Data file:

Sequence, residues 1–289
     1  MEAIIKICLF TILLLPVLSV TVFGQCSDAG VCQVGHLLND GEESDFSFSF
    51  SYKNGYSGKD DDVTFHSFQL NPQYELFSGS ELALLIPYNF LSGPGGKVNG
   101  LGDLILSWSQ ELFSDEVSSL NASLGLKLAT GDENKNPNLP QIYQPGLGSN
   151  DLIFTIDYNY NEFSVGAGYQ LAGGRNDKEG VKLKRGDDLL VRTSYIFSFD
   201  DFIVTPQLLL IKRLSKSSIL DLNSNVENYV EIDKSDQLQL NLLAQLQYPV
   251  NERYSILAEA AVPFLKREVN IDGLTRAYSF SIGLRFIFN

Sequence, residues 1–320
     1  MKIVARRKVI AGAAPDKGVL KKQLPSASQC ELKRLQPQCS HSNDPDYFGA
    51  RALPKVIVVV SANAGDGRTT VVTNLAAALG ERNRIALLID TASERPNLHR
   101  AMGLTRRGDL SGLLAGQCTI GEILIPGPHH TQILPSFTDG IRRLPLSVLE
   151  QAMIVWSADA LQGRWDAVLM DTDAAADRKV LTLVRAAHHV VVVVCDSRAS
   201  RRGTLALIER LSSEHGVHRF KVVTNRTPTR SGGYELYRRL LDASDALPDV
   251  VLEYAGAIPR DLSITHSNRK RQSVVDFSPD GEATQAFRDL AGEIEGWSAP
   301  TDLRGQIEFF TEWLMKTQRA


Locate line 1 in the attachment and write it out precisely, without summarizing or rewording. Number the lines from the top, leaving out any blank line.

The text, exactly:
Sequence, residues 1–289